Upcoming PSi Events
PSi #23 will take place in Hamburg / Germany on June 8–11 2017 in co-operation with the Festival Theater der Welt and Kampnagel (the international center for the finer arts) and Universität Hamburg.
The conference theme “OverFlow” takes a reverse view on the political tropes customary in “times of crisis” – “OverFlow” focuses on abundance, transgression, and leakage instead of the usually evoked themes of lack, restriction, and loss. The event takes place in the context of the performing arts triennial Theater der Welt (“theater of the world”), which, in 2017, is dedicated to Hamburg harbor with its history of cosmopolitism and colonial trade, of boom and bust, of immigration and emigration. The sprawling harbor scenery (partly globalized commercial and tourist hub, partly local post-industrial decay, partly contested social space) is set to provide the backdrop to a great variety of site-specific performances. It also has a history of storm tides and of being literally overflowed.
In recent years, the idea of “flow,” i.e. of being fully immersed in the activity at hand, has gained prominence in the theories of subjectivity and collectivity, but also in the self-help industry as the pathway to happiness, wellness and a good life. Moreover, notions of “flow” have influenced performance art (and the performing arts in general) with respect to concepts and practices of the moving body, artistic collaboration (from cooperative practices to the synchronization of processes), the use of time (simultaneity), creativity, etc. As a conference theme, “OverFlow” breaks away from “flow’s” inherent promise and poses questions of overload, escalation, interruption, hybrid connectivity as well as disconnection, redundancy, boundaries and borders. The “over” in “OverFlow” can be the rupture of spillovers and profusion; it also relates to an alleged or real overcrowding of space and time, the rhetoric of expulsion or inclusion of desired or undesired bodies, techniques of overpowering or depleting the senses, etc. All of these and many additional aspects have not only been the subject of intense political, ethical, and social scrutiny in recent years. They have also been explored in performance art and performance studies. The conference aims at producing its own “OverFlow” by engendering modes of exchange, discussion, interconnection, and contrasts between these various points of view.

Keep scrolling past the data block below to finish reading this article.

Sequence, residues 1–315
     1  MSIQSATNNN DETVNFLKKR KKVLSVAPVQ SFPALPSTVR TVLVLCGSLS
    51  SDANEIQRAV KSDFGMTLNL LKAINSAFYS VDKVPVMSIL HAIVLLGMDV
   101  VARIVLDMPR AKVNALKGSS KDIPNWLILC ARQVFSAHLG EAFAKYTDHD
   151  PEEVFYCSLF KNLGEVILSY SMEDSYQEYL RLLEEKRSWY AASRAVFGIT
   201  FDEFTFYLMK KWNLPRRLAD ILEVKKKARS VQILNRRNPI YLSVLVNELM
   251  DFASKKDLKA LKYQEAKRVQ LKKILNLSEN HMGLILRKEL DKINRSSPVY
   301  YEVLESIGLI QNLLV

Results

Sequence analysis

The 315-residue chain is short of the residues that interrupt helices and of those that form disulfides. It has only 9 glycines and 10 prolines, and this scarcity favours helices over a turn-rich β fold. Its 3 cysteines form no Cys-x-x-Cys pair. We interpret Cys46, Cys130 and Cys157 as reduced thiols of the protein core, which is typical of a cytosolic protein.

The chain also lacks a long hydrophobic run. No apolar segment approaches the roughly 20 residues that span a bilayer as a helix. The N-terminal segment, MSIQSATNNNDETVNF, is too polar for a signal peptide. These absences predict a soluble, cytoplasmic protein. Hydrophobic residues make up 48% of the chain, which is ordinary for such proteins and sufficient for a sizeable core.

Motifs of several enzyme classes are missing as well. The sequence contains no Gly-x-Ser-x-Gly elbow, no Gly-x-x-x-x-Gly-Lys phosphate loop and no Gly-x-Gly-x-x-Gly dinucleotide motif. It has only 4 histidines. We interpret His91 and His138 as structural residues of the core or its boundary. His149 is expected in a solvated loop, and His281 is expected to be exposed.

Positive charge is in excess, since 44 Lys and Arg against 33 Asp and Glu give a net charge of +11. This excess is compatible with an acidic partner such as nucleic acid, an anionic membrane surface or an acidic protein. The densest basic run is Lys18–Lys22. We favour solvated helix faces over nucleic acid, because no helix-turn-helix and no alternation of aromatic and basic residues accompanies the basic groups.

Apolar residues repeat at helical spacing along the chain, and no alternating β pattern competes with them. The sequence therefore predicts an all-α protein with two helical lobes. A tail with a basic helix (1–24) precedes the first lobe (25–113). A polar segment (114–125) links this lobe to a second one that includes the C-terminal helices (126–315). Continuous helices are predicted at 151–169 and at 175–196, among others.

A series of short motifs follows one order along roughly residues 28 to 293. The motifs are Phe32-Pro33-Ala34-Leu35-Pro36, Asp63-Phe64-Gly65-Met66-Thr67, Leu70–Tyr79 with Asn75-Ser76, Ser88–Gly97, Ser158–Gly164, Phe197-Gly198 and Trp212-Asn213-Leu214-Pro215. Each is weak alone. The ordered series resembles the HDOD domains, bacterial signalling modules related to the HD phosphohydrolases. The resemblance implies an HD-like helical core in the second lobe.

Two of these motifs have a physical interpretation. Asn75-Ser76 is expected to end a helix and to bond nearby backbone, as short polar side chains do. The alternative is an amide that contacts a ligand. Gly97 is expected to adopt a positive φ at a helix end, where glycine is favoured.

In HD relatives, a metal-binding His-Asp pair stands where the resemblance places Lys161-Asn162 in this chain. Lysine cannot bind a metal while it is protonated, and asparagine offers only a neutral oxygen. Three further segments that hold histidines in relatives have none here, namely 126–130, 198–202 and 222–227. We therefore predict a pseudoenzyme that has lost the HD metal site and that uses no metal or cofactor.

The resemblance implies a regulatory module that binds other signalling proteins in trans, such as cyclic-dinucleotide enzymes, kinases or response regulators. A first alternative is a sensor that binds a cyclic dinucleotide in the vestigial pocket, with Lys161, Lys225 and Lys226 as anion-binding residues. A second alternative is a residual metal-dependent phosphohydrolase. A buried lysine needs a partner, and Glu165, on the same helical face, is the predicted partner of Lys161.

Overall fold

The organizers invite contributions by both scholars and artists that critically engage with “flow” and/or deal with the various facets of “OverFlow” in performative practices, aesthetic phenomena, and performance art. This also includes performance studies perspectives from different artistic and academic fields (in the humanities and social sciences) on the political, ethical, and social dimensions of overflow, spillage, and abundance, e.g. in:
• politics: “being rendered superfluous,” post-colonialism and cultural imperialism, migration, borders and border controls, etc.
• society: abundance, expendability, and needlessness, cultural transformations and appropriations, the diversity of gender, ethnic and religious affiliations, etc.
• economics: critique of capitalism, financial crises, the “affluent” and the post-growth-driven society, etc.
• media/technology: data streams, memory space, big data, computerization of everyday life, information overload and redundancy, etc.
• ecology and the environment: waste, high tides and tsunamis (“harbor wave”), factory farming, nutrition (obesity, alcoholism) etc.
Contributions may consist of individual papers, panels, roundtables, open spaces, lecture performances, praxis sessions, workshops, performances, installations, etc. The organizers would like to encourage formats that “overflow” a strict distinction between art and academia or that reflect the status (and responsibility) of the arts in the so-called “knowledge-based societies.” What kinds of knowledge, practices, and forms of critique regarding social, ecological, political, ethical and cultural processes do the arts produce? What kinds of findings or other forms of awareness do they trigger? What kind of “surplus” or “disruption” can be found in “artistic knowledge” or, for that matter, “artistic research”?
Please send your suggestion for a paper, a whole panel, etc. (max. 500 characters; word, rtf or pdf-format) by September 30, 2016 (extended until October 21) to the following email-address: email@example.com. Please include your name, contact information, affiliation and suggested format at the top of your submission (and also a short CV at the end). Please refrain from multiple entries.
Due to the “Theater der Welt”-festival there will be no PSi evening sessions.
Amelie Deuflhard, Gabriele Klein, Martin Joerg Schaefer, Imanuel Schipper, Wolfgang Sting for:
Performance Studies, Hamburg University: www.performance.uni-hamburg.de
Kampnagel, International Center for Finer Arts: www.kampnagel.de